But, after six years in Congress, turning the U. S. House blue and two years as President Obama's Chief of Staff, Rahm knew more about putting together a winning organization. As Rahm said a few weeks ago, he couldn't attend a candidate forum because he had to meet with the Black ministers. People laughed but it was true, sort of. Never underestimate the importance of Black ministers in turning out the vote on the South side and West side of Chicago.
The ABC-7 poll predicts Rahm will get a majority of the African-American vote in Chicago, even though he is running against the only African-American woman ever elected to the U. S. Senate, Carol Moseley-Braun. And this is after the major Black business, civic, clergy and campaign donors cleared the field of the other major African-American candidates for Moseley-Braun.
Impact of Presidents Obama and Clinton on the Mayor's race
Rahm's Black vote reflects his money and organization, Moseley-Braun's lack of same and the fact that he has run a good campaign and she has not. Of course, the ads that Rahm has run with President Obama saying nice things about Rahm (OBama's former White House Chief of Staff), even if not explicitly endorsing him, have been and will be very helpful to Rahm in the Black (and White) community. And, the explicit endorsement by President Clinton (known by some as the first Black president) has not hurt Rahm either. Again, Rahm has the history and know-how to make things click.
The KISS message
When it comes to message, Rahm has generally followed "KISS"- keep it simple stupid. His ads, statements and discussion have emphasized his love of the city of Chicago, his desire to keep Chicago the great city he grew up in (except for that large portion of his boyhood he spent on the North Shore), making the City safer, improving the public schools, attracting jobs to the City and providing for a stable budget. When he has to keep it really simple, it is "safe streets, good schools and good jobs."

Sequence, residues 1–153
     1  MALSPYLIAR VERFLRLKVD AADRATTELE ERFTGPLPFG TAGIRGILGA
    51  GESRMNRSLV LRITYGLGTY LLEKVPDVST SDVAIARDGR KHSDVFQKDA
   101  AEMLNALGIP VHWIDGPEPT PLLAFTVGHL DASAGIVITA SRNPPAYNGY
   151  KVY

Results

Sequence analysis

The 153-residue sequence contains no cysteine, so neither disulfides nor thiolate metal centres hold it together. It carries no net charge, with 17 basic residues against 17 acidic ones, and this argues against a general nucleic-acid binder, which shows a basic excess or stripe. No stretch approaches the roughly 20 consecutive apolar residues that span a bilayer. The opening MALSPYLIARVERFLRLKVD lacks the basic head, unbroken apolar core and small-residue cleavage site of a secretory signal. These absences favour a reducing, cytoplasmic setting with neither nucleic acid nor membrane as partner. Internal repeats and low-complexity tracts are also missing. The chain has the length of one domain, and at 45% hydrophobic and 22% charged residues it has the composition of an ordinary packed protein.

The Editorial Boards at the Tribune and the Sun-Times and the other powers that be downtown say a lot of nice things about Rahm, but most of all, it's that he can get the job done. Or, maybe get the deal done.
There has been some discussion in this race of important public policy issues, e.g., dealing with out of control city employee pension obligations, dealing with the unions, broadening the sales tax to include "luxury services (Chico calls it the Rahm tax)," opposition to tax increases, proposed spending cuts, putting more cops on the streets, putting more money into traditional neighborhood schools, expanding charter schools and even offering low income parents school vouchers. So, I don't mean to imply that ideas and proposed public policies have had no effect on the candidates' success at winning over voters and important voting blocks, e.g., unions, advocacy groups, etc. But, mostly this race has reflected Rahm's advantage in money, organization and message, his large base as a former Congressman for a District that included much of Chicago, his history with influential pols and his perceived ability to make things click.
Even all the legal challenges, on residency grounds, to Rahm's candidacy ended up softening Rahm's image as a tough guy, making him instead look like a reasonable, patient person who was forced to answer interminable questions about how many boxes he had stored at his Chicago house when he lived in DC and why he leased his Chicago home when he moved his family to DC for the last two years. Indeed, the residency challenges converted Rahm's image from a pol who metaphorically stabbed his opponents with steak knives to someone who was unfairly victimized by his political opponents.
Rahm's only worry now is that if he doesn't get more than 50% on Feb. 22 and if Gery Chico, the likely No. 2 with a resume that sounds perfect for the Mayor's job, can somehow narrow the fund-raising gap before April 5, 2011, find an issue that catches fire-- more, say, than the Rahm tax has, mobilize the Hispanic vote, get a much larger chunk of the black vote and be much more competitive with Rahm on the white vote, then we could have a ball game, as they say. But, for now, that is a lot of ifs and the Mayor's race is clearly Rahm's to lose.